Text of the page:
• Another great source of classes for reasonable prices can be found at the Volkshochschule. Their website is not very easy to navigate but you can also go there if you have question or call. They also offer German classes but they are known to be pretty bad. I personally took a theater class which was great fun :).
  • I looked for a good yoga studio for quite a long time until Loft Yoga opened near from Adenauerplatz. The teacher Edyta is great. There are also a couple of classes in English. After the class you can hang out a while at her studio and discuss with the other students. This is quite unusual in my experience as I have been to other place where people would leave without a word as soon as the class was over (not really a ‘namaste’ attitude).
  • After having tried salsa dance in Zürich, my husband and I wanted to learn a new dance style. We found a Lindy Hop school and had a great time learning the basic steps, etc. The teachers are both doing their phd at the Bielefeld university and are just great! As the school is still relatively small you get to know people very fast. They also organize social dance events during which people can take an introductory class for free.

These are just a few ideas of what you might want to start doing in Bielefeld.  If you know of other great offers for classes,etc., please do not hesitate to share in the comments!

Coralie

 

English-speaking doctors and the German healthcare system

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If you do not already know German, you could be the most driven of students….optimistic, hard-working, determined, and yet when suddenly you need to see a doctor, it seems to go out the window.  I would recommend that you plan early for a range of doctors whom you can communicate with in your own language, before you need them.  We’ve had the scary experience of needing sudden medical care, and not being able to communicate with the doctors to tell them what is wrong, what your history is, and they can’t communicate with you either.  This inevitably leads to unnecessary procedures and unnecessary expense of time and money.  In my opinion, the doctor’s office isn’t a preferrable place to be learning German by immersion.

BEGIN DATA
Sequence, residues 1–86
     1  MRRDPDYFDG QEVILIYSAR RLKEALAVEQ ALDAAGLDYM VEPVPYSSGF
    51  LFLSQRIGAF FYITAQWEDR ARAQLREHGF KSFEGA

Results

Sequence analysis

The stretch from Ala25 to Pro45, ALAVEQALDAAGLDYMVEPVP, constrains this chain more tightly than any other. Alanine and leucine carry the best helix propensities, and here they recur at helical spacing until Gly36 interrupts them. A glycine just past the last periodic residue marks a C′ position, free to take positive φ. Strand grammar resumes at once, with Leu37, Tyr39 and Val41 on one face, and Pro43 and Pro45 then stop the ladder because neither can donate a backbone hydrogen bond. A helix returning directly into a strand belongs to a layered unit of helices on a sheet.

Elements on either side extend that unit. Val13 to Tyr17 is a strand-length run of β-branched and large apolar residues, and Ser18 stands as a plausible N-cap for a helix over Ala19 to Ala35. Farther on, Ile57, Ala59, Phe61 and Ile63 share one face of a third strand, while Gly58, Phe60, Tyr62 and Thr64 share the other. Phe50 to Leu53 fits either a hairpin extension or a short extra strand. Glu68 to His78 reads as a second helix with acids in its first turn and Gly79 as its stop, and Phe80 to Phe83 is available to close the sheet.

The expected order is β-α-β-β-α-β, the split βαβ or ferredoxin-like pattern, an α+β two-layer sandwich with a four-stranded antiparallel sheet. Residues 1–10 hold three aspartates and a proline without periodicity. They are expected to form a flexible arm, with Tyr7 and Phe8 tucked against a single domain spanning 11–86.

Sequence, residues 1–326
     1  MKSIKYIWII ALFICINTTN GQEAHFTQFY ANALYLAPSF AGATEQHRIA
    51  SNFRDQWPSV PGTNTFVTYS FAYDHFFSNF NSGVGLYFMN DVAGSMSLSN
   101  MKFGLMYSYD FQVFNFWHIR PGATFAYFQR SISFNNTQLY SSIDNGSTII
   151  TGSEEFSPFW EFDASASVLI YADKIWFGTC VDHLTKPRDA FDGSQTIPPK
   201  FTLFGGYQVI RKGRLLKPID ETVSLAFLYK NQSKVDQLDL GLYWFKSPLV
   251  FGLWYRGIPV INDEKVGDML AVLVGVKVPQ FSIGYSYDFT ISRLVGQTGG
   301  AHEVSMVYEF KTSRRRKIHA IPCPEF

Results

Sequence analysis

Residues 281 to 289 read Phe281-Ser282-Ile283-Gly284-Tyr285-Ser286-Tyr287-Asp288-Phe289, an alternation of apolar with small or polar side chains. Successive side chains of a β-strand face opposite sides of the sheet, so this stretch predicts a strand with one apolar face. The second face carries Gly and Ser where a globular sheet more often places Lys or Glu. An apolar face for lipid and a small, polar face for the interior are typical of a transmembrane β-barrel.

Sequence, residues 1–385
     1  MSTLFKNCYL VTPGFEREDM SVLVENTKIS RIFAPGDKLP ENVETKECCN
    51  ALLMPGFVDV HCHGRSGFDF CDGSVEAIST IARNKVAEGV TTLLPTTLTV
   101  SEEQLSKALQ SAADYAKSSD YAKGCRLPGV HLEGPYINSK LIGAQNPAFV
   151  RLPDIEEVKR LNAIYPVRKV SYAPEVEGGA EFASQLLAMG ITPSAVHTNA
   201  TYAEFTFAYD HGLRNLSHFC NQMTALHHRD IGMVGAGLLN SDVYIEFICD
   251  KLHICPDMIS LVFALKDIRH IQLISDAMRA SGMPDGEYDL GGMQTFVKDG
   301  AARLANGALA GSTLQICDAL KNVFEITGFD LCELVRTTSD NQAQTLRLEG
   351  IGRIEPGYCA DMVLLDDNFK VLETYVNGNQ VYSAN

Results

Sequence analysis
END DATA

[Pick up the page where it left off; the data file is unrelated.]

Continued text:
To see a doctor you will pay 10 euros per quarter. When you pay your money they will give you a pink receipt.  Keep it- if you go to the doctor again in the next few months you will need to show it to them to not have to pay again.  If you need to see a specialist, you will generally need to get a referral from your general medicine doctor.

Here are a few personal recommendations for English-speaking doctors in Bielefeld.  I have only listed people I have personally gone to and had a good experience.

Dr. med. Friedrich Hartog/ Christine Gass – Gynocology, Obstetrics (Frauenheilkunde und Geburtshilfe)

Kiskerstr. 15, 33615 Bielefeld                 Phone: 0521 9643228

Both doctors speak English, but not all of the receptionists do.

Dr. med. Peter Braunstein – Ear, Nose, and Throat Specialist (Hals-, Nasen-, Ohrenheilkunde)

Jahnplatz 10, 33602 Bielefeld                 Phone: 0521 5217151

Very caring doctor, and made time for us on very short notice.  Quickly diagnosed and fixed a serious problem two other doctors failed to properly diagnose.

Dr. med. Andreas Kühle – General Medicine, and Allergy Specialist (Allgemeinmedizin/Allergologie)

Wertherstr. 444, 33619 Bielefeld             Phone: 0521 101542

This doctor and his receptionist are great, and I have never had to wait for an appointment…he usually gets me in the next day.

http://www.kvwl.de/earzt   This website allows you to search for a doctor in the entire Westfalen-Lippe area.  You can enter search criteria, including the type of doctor, your address, and your preferred language.  You should always confirm that the doctor takes your insurance before making an appointment.

Patty

Health and beauty

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It took me time to get used to the health system in Germany and find professionals with whom I felt comfortable. I also struggled finding beauty or health products I was used to. So today I thought I will share some addresses and products I have used since I arrived in Bielefeld.

Health / Address: